The deadline for teams to use the annual franchise tag was Monday at 4pm ET, and only a handful of teams wound up exercising the option. One of those was the Washington Redskins, who slapped their tag on DE/OLB Brian Orakpo.
Orakpo was drafted as a defensive end out of Texas back in 2009, but has since switched to linebacker as the Redskins have altered their defensive scheme from a 4-3 to a 3-4. Under the league’s collective bargaining agreement, the Players Association can argue that Orakpo should be paid as a defensive end rather than a linebacker.
The franchise tag, for those that don’t know, is a one-year deal that pays a player a salary that is the average of the top-five paid players that year at his position. Since the average salary for the top-five DEs ($13.1M) is slightly higher than that for OLBs ($11.5M), it’s obviously in Orakpo’s best personal interests to claim he’s a DE.
He missed the majority of the 2012 season after tearing his pectoral, but returned in 2013 to record 10 sacks, good enough to earn him a Pro Bowl appearance.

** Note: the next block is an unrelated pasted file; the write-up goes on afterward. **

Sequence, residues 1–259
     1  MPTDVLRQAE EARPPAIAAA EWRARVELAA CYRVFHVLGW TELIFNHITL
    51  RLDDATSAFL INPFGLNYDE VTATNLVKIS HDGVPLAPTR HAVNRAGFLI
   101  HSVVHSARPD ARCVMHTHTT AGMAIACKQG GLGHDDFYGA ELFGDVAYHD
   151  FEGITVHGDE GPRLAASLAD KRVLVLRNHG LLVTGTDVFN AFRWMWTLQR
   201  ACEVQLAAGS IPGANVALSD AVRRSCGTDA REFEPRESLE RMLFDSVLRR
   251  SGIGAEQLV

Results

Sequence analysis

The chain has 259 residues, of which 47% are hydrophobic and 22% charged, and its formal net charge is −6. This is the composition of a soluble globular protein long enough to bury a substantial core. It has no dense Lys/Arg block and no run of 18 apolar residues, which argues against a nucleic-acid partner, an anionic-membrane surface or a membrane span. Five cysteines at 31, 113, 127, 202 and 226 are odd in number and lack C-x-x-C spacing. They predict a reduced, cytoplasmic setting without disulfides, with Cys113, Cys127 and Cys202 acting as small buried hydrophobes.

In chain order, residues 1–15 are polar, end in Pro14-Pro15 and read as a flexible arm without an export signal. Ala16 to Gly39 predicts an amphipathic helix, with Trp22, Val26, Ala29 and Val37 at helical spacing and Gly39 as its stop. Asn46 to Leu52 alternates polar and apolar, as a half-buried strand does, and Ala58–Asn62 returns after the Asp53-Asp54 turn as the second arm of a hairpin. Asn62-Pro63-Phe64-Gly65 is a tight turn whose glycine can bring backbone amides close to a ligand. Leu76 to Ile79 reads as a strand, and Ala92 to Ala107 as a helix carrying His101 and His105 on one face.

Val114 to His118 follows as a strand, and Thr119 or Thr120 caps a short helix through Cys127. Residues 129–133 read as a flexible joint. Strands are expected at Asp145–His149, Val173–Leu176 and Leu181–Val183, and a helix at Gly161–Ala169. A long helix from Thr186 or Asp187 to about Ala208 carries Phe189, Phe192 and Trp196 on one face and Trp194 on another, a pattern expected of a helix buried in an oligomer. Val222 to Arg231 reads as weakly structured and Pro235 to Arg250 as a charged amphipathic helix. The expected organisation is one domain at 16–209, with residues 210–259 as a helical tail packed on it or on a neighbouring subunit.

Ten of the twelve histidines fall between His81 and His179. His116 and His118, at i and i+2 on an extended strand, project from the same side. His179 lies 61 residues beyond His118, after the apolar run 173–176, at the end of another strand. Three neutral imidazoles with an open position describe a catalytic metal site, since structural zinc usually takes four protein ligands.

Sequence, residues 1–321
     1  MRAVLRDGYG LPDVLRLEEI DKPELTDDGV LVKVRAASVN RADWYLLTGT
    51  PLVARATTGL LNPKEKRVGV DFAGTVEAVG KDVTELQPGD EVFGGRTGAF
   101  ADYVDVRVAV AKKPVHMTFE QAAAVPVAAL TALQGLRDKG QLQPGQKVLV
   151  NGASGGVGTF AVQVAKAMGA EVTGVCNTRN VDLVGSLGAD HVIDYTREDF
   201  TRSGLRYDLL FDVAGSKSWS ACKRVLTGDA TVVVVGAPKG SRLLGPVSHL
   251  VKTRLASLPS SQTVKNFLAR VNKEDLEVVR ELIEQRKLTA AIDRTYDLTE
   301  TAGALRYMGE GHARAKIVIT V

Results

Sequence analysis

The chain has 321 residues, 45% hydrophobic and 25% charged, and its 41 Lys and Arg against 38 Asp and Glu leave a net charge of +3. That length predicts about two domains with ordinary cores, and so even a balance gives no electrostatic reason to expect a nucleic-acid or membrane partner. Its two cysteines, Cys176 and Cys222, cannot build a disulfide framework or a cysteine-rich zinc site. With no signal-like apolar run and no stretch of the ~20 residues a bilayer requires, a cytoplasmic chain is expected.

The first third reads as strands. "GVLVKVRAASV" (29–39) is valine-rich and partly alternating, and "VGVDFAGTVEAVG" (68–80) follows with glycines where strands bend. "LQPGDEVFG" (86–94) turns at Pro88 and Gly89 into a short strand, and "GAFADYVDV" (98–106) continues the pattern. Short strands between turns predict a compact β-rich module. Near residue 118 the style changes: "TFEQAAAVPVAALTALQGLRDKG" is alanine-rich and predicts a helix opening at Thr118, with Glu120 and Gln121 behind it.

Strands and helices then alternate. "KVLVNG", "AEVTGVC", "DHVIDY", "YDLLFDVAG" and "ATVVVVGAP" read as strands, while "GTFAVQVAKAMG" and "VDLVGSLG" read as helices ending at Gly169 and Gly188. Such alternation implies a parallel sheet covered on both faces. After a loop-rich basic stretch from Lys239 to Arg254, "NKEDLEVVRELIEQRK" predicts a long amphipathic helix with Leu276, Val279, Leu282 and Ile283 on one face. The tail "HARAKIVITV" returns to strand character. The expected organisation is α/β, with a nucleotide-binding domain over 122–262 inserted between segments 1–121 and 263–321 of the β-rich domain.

Orakpo says he’s fine with the tag, but would prefer to ink a long-term deal to stay in the nation’s capital. The two sides have until July 15th to work out a new multi-year deal, and Washington reserves the right to rescind the tag unless the player accepts it prior to that point.
The other three players that were tagged were Jets kicker Nick Folk, Panthers defensive end Greg Hardy and Saints tight end Jimmy Graham. The Browns used the “transition tag” on center Alex Mack, while the Steelers used the same on linebacker Jason Worilds. The transition tag pays the player a salary the average of the top 10 players at his position.
*Photo credit – Homer McFanboy via Flickr.